Prime Minister Malcolm Turnbull has confirmed IBM made a “very substantial financial settlement” with the Commonwealth as compensation for the failure of the 2016 online Census.
He said the precise terms of the compensation agreement were confidential, but told 3AW radio it “absolutely” covers the extra costs incurred by the federal government to restore the August 9 Census.
The Australian Bureau of Statistics previously put the cost of the saga at $30 million over and above what it expected to spend.
Striving to reassure taxpayers that they wouldn’t be left out of pocket, Turnbull said IBM had "paid up many millions of dollars” ... “it is confidential but it is a lot of money”.
“Overwhelmingly the failure was IBM’s, they’ve acknowledged that, they’ve paid up, they’ve accepted the blame. And they should have,” he said.
He also claimed there had been "a lot of personnel changes at IBM as a consequence, so I suppose heads have rolled there”.
However, IBM's ANZ boss Kerry Purcell told a senate committee in October that no IBM staff had been dismissed or taken through disciplinary proceedings "directly related to the Census".
IBM today confirmed this situation has not changed.
The government published the Census post-mortem authored by Turnbull’s cyber security adviser Alastair MacGibbon last night.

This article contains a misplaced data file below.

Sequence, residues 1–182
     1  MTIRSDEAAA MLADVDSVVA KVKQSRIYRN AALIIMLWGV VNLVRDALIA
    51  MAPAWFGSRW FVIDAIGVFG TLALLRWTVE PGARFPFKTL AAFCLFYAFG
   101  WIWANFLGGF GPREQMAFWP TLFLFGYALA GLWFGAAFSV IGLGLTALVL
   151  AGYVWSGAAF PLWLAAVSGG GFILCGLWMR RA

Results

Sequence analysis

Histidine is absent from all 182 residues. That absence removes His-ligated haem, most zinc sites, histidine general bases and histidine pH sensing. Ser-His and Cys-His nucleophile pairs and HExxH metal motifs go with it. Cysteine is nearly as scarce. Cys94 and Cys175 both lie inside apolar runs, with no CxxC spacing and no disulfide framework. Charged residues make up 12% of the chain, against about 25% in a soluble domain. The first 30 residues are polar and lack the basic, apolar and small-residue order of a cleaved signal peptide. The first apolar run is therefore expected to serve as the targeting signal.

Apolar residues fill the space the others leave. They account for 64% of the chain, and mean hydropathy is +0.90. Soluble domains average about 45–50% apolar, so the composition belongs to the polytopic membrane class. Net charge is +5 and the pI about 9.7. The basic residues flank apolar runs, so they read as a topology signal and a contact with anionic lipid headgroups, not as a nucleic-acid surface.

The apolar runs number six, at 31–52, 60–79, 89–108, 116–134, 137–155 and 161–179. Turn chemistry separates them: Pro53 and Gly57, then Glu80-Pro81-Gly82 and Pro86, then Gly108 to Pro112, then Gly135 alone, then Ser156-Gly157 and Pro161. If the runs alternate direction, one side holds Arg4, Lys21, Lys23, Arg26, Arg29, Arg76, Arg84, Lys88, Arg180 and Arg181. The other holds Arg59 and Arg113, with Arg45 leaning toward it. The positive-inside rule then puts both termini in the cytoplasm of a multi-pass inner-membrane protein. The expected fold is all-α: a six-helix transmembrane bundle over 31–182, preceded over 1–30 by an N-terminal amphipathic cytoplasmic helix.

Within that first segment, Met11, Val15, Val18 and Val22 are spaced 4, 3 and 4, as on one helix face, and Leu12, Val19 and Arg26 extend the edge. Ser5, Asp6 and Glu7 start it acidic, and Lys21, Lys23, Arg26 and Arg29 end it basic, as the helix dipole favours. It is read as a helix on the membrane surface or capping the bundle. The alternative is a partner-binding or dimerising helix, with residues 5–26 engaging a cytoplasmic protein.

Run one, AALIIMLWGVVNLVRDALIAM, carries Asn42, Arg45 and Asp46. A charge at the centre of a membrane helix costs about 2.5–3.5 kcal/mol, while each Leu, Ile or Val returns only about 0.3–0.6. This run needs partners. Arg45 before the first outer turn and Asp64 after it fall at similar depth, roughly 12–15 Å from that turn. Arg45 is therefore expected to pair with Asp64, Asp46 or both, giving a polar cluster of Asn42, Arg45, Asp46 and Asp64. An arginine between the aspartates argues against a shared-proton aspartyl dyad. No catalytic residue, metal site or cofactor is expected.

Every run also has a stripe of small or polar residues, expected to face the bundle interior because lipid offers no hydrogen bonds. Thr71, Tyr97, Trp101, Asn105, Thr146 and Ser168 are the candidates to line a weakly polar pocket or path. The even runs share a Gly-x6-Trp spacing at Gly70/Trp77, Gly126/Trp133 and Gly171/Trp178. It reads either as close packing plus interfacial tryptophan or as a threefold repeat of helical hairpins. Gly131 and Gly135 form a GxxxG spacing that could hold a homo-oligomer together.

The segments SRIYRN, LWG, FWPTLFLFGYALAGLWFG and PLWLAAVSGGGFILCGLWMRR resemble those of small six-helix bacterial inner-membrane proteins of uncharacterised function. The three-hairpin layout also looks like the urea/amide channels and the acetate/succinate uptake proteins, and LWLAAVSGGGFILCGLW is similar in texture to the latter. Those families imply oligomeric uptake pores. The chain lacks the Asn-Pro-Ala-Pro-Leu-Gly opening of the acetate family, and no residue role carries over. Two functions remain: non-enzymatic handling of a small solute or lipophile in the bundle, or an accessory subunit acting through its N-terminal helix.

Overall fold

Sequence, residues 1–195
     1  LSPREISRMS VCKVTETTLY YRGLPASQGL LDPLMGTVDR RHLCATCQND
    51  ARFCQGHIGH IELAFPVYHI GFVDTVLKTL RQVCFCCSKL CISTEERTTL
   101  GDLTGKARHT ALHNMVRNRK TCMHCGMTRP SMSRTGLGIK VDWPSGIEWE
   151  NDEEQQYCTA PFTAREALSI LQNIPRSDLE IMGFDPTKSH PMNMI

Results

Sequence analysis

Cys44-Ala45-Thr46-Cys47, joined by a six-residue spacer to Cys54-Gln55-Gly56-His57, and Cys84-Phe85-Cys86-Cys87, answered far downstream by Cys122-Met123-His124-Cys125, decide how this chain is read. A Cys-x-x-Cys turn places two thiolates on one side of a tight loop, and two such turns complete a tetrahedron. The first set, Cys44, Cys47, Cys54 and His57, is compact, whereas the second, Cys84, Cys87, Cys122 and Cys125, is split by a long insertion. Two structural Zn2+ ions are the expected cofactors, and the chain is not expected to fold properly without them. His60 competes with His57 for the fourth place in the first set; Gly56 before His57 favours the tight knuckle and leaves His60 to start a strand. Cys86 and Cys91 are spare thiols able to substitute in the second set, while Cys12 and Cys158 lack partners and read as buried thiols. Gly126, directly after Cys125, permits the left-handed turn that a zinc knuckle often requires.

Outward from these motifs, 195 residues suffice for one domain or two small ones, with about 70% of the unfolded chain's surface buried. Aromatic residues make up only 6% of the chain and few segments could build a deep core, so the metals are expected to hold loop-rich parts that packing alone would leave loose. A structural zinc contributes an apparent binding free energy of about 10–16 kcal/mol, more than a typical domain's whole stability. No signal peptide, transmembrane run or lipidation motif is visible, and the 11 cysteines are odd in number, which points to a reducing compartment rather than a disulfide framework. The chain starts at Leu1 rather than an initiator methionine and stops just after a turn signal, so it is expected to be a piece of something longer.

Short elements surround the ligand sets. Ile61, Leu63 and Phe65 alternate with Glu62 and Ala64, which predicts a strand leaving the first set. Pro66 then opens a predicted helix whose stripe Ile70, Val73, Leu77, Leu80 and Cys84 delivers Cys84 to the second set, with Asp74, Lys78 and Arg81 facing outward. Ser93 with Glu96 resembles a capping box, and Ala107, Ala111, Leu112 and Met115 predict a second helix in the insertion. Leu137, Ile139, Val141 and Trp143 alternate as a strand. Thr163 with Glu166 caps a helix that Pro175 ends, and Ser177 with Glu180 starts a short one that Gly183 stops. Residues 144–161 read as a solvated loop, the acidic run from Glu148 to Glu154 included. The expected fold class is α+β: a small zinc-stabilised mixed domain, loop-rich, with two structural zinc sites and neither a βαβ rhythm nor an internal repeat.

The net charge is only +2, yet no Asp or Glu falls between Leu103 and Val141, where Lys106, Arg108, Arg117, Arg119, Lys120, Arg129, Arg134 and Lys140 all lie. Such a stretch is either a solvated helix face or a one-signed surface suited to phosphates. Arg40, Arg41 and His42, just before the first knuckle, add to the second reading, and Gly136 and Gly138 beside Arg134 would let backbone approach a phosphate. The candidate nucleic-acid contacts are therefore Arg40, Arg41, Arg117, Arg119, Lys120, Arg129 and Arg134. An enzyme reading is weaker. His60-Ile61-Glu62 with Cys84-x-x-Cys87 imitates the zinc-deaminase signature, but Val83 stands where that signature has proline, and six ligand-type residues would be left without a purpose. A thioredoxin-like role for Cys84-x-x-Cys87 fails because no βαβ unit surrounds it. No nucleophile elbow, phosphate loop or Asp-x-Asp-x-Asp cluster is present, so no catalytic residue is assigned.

MacGibbon pulled no punches, criticising the “cosy” relationship that had formed between the ABS and IBM, which he said could have led to some complacency on the contractor’s part.
Big Blue was slammed for failing to check up on its downstream providers to ensure geoblocking was properly implemented as a key DDoS defence for its online Census solution.
Turnbull called the small-scale attacks that ultimately brought down the national e-form “utterly predictable [and] utterly foreseeable”.
Questioned about whether IBM would ever win another contract with the federal government, he said all Commonwealth tenders would still go through the same assessment and probity processes.
“But everyone’s performance and track record are all taken into account when they are assessed," Turnbull said.
He sought to reassure Australians that lessons on the government's part would be "very carefully learned” following MacGibbon's review.
“The important thing is to make sure ... the Australian people get a better service from the government in terms of managing these government contracts," Turnbull said.